Have you ever worked with a person who just smiles – all the time?
Why aren’t they taking me seriously? They are NOT listening as I generously imparting soulful wisdom! As a teacher, I am a very serious person and WILL NOT tolerate this type of disrespect!!!
Just kidding, but I do find those bright and happy people a little disarming at times – especially when I am not feeling bright and happy.
I have a passion for working with health and education professionals. I am very comfortable in this realm of care giving. In some ways I think I have been programmed all of my imperfect life to care. That is not unusual – many people are the same. People like me invest in relationships. We communicate to serve – how can I help? What is your story?
I study the environment. I like to immerse myself in the community of the people I work with. I like to get to know their story. A little bit like Dian Fossey, played by Sigourney Weaver in the 1988 drama “Gorillas in the Mist”. Dian Fossey was a naturalist. She was an Occupational Therapist inspired by anthropology. She lived with the gorillas and formed strong bonds with them because she was there. Unlikely friendship developed through proximity and need. Dian invests in relationships from her work that changed her life. We are all impacted by the relationships that we develop or manufacture for a purpose – the relationships we mold for business. AND, relationships need work.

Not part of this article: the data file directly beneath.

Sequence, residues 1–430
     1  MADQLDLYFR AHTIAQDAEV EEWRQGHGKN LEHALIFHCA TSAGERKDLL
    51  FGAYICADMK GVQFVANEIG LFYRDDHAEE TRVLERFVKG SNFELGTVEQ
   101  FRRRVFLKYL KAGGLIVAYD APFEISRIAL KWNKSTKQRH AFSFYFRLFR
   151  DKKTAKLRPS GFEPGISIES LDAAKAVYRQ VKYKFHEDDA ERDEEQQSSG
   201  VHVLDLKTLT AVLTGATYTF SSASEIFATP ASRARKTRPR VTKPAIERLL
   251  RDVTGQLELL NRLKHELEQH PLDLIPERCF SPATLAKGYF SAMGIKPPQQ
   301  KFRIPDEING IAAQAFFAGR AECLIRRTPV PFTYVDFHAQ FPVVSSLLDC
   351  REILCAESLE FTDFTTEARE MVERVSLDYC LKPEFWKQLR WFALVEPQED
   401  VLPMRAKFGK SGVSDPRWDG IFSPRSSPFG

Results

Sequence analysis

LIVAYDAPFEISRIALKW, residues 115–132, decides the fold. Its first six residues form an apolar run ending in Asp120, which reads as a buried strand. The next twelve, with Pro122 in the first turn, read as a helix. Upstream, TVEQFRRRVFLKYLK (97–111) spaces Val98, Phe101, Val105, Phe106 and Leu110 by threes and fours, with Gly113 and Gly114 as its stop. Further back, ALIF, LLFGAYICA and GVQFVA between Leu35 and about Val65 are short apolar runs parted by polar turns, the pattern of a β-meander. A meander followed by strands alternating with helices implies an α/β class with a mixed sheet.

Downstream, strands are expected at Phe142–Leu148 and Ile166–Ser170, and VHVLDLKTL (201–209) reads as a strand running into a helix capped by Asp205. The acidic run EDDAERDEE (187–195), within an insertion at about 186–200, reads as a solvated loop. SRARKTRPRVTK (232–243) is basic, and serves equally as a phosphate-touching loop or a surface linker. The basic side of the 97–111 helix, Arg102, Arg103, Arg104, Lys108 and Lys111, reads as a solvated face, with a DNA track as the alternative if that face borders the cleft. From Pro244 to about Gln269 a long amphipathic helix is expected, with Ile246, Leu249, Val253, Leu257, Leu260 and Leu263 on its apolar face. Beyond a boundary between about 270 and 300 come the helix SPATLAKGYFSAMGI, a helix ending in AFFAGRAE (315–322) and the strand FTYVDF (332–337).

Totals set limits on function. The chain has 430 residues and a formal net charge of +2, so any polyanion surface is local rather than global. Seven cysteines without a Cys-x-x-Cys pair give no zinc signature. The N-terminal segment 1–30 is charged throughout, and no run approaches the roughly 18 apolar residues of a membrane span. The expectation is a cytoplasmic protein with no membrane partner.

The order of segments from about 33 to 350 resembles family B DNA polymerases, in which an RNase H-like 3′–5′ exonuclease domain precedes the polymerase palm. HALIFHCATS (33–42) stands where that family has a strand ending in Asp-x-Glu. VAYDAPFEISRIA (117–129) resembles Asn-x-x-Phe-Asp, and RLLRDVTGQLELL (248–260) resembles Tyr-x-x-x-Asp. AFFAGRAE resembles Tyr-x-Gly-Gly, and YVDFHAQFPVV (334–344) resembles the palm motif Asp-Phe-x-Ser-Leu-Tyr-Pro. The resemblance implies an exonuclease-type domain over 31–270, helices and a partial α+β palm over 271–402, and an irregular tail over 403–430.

Relationships for business – either health and education, can be stressful. Relationships can trigger stress response – in yourself and in others. Having to deliver criticism or improvement suggestions is stressful for both the person and the professional. It is stressful, but necessary. I can’t predict the other person’s response. I can create an open environment and be accountable for my part I the relationship, but I cannot control the other person’s part. I cannot predict the circumstance, but I can manipulate the situation through planning what needs to be said, understanding why and being clear on the steps necessary to rectify the situation. I also need to be open to understanding the other person’s opinion or reasoning. There are things that I can do to minimize the fallout. (No sudden moves in a jungle full of big, hairy creatures).